Conference Report: Gender Stereotypes in the Long 19th Century

By Matthew Sangster

Many thanks to Erin Farley for writing the report below on the ‘Gender Stereotypes in the Long 19th Century’ symposium held at Stirling in April. BARS provided a subvention to help support this event.

On Saturday 30th April 2016, the University of Stirling hosted a one-day symposium, organised by Barbara Leonardi, on ‘Gender Stereotypes in the Long 19th Century.’ The symposium aimed to examine the effects of gender stereotypes and of challenges to them as the Romantic period shifted into the Victorian, as well as considering identify threads leading into 20th century culture. Furthermore, it explored the intersections between gender, class and race over the period in question– an approach which more than one delegate remarked was still disconcertingly rare in studies of this period.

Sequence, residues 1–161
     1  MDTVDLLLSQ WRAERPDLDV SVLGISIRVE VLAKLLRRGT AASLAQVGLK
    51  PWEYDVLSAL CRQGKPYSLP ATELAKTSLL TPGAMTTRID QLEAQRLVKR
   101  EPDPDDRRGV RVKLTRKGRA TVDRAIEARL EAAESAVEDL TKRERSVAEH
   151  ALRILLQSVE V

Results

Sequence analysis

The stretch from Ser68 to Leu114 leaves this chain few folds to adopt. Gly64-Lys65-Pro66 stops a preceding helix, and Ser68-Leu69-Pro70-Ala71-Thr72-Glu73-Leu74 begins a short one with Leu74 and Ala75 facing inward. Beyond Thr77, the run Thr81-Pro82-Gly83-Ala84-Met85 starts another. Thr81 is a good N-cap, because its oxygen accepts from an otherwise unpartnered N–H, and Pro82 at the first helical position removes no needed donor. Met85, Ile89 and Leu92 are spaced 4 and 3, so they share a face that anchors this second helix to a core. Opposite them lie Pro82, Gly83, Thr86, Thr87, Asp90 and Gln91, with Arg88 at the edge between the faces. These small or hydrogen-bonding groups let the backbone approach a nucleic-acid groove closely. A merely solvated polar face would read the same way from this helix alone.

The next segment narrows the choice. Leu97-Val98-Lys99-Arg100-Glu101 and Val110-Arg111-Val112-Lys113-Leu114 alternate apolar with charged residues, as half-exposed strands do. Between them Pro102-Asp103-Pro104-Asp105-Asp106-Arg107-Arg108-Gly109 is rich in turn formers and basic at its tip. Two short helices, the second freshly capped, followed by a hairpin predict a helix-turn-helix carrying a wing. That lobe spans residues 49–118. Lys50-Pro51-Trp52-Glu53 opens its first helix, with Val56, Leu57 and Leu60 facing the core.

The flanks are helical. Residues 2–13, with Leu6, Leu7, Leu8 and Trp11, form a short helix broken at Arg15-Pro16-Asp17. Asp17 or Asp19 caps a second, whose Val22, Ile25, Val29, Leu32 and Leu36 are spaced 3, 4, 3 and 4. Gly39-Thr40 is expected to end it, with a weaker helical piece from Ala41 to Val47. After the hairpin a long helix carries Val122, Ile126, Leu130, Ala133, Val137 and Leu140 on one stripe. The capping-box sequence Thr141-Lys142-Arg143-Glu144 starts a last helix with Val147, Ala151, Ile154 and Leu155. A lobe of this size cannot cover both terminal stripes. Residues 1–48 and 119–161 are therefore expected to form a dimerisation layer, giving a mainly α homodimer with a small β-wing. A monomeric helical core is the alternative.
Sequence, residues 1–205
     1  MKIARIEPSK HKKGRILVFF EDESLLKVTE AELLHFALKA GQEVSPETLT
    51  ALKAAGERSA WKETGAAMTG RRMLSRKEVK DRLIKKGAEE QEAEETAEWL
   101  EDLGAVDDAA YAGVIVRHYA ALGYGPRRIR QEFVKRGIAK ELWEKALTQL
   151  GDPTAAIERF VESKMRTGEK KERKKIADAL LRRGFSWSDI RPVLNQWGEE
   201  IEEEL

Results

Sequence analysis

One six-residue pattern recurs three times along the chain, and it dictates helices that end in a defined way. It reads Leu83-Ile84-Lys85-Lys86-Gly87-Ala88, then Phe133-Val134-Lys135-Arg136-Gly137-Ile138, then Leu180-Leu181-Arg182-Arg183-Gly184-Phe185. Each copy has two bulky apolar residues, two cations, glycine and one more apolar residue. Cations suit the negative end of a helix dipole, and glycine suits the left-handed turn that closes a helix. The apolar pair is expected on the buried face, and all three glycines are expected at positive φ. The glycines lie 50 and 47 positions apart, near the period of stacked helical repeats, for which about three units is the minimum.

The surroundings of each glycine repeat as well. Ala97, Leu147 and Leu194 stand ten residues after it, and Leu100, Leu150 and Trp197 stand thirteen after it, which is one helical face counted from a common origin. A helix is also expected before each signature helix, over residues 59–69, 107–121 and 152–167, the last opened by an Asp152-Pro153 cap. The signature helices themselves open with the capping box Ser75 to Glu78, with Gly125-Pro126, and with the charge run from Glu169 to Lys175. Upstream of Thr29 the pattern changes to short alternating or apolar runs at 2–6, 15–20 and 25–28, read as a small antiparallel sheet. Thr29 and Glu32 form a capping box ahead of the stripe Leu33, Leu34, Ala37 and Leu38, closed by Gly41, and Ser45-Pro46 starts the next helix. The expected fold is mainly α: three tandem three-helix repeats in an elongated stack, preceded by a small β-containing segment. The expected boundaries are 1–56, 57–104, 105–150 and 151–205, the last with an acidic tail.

Holly Furneaux’s engaging opening keynote “Kind-hearted Gunmen? An emotional history of the Victorian military Man of Feeling” examined the ways in which military violence was written out of accounts of war, replaced by the image of the soldier as a kind, loving figure, seen in novels such as Vanity Fair – the ‘domesticated English lion’. Furneaux also identified the legacy of this imagery in contemporary culture – for example, the popularity of ‘Returning Soldier’ videos …read more